The manifesto for an Equal and Just Society

What follows on this page, and the articles linked to on the left hand side of this website, are all extracts from the full, book-length, 87,000-word party manifesto.

This version is published as a paperback and can also be downloaded as an ebook. Go here to get hold of the book.


The Manifesto of the Equal and Just Society Party



We have a nation riddled with inequality and injustice, in which a poor majority is lorded over by a corrupt rich minority, and the principles of law and human rights are trampled underfoot. Banking and finance, household bills and spending of tax money have all become matters of serious fraud. How have we come to this?

The answer is clear: Parliament is corrupt, and those who should be our representatives are our exploiters. The only reason why children live in poverty in our country today is because child abusers in government have forced them to. It is because of successive Conservative and New Labour governments that this vast number of British children are suffering. And the Liberal Democrats, who were supposed to be an alternative opposition to all this, have joined in, because being servants of the Conservatives gives them power, even if it only means power to abuse.

We have a parliamentary democracy, and can replace abusers simply by voting them out, and voting in decent people instead. But there’s a problem: we have a party-political parliamentary democracy, such that we cannot create a government of independent people’s representatives to replace the coherently organised and structured national parties of abuse. We have to vote in a coherently organised and structured national anti-abuse party. No such party has existed in recent years, which has given abusers free rein over us all. To end the abuse, we need to elect a decent party to government, and to do that we have to create that party ourselves.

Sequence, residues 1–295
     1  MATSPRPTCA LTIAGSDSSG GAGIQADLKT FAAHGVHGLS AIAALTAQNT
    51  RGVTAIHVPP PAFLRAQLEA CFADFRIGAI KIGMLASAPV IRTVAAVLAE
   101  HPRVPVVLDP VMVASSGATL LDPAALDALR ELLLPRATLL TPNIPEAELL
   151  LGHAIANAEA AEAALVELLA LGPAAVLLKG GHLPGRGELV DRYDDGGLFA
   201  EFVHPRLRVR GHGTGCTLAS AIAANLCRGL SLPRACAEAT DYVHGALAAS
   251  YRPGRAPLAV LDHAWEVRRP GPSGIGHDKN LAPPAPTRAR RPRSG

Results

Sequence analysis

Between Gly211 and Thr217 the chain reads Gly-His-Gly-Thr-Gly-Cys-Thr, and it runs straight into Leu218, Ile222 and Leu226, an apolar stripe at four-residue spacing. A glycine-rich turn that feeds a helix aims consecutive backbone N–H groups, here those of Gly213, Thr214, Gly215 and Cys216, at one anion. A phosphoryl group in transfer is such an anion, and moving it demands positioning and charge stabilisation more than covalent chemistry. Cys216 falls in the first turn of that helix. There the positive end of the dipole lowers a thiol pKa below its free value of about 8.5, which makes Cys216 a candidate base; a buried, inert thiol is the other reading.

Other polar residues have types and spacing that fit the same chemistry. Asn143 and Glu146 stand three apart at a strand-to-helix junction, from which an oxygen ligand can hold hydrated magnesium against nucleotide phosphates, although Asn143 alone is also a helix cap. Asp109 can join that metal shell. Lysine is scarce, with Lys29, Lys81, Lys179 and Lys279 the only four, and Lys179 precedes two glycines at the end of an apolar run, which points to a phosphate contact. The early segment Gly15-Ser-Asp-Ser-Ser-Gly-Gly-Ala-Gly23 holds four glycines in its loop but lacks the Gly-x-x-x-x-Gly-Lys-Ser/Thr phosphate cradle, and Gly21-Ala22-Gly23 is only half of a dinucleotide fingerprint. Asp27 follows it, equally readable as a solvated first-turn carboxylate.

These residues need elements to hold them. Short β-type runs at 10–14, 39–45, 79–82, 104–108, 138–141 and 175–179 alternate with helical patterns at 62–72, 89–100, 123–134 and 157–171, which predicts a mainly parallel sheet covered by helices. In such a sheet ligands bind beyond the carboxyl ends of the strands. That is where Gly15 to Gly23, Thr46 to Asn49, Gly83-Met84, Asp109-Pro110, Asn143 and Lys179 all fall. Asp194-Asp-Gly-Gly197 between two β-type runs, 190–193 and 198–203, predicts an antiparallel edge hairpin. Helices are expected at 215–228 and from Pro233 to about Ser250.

They say that your vote is precious, because people fought hard so that you could have it. In fact, you have lost a meaningful vote, and the fight is back on. In later years, people may say of us that we fought hard to give them their precious vote. But only if we win the fight now.

Britain is in a lot of trouble, and unless we join together to change things it will all get a lot worse. But random protests will get us nowhere. The control and abuse of protesters increases the more people take to the streets in an unfocused, angry way. We need to have a national movement that is practical and well-managed, so as to arrive at the next election with a workable plan for change and the parliamentary candidates to replace the current corruption.